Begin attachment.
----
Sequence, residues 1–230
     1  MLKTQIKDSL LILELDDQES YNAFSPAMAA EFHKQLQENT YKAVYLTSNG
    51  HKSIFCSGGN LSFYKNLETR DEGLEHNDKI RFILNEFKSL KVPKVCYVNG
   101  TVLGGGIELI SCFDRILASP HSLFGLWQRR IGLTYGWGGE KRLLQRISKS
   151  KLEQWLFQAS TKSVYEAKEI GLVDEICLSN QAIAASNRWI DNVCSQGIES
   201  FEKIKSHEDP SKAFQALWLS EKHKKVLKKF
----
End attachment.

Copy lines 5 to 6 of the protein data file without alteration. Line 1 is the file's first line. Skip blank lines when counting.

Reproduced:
   151  KLEQWLFQAS TKSVYEAKEI GLVDEICLSN QAIAASNRWI DNVCSQGIES
   201  FEKIKSHEDP SKAFQALWLS EKHKKVLKKF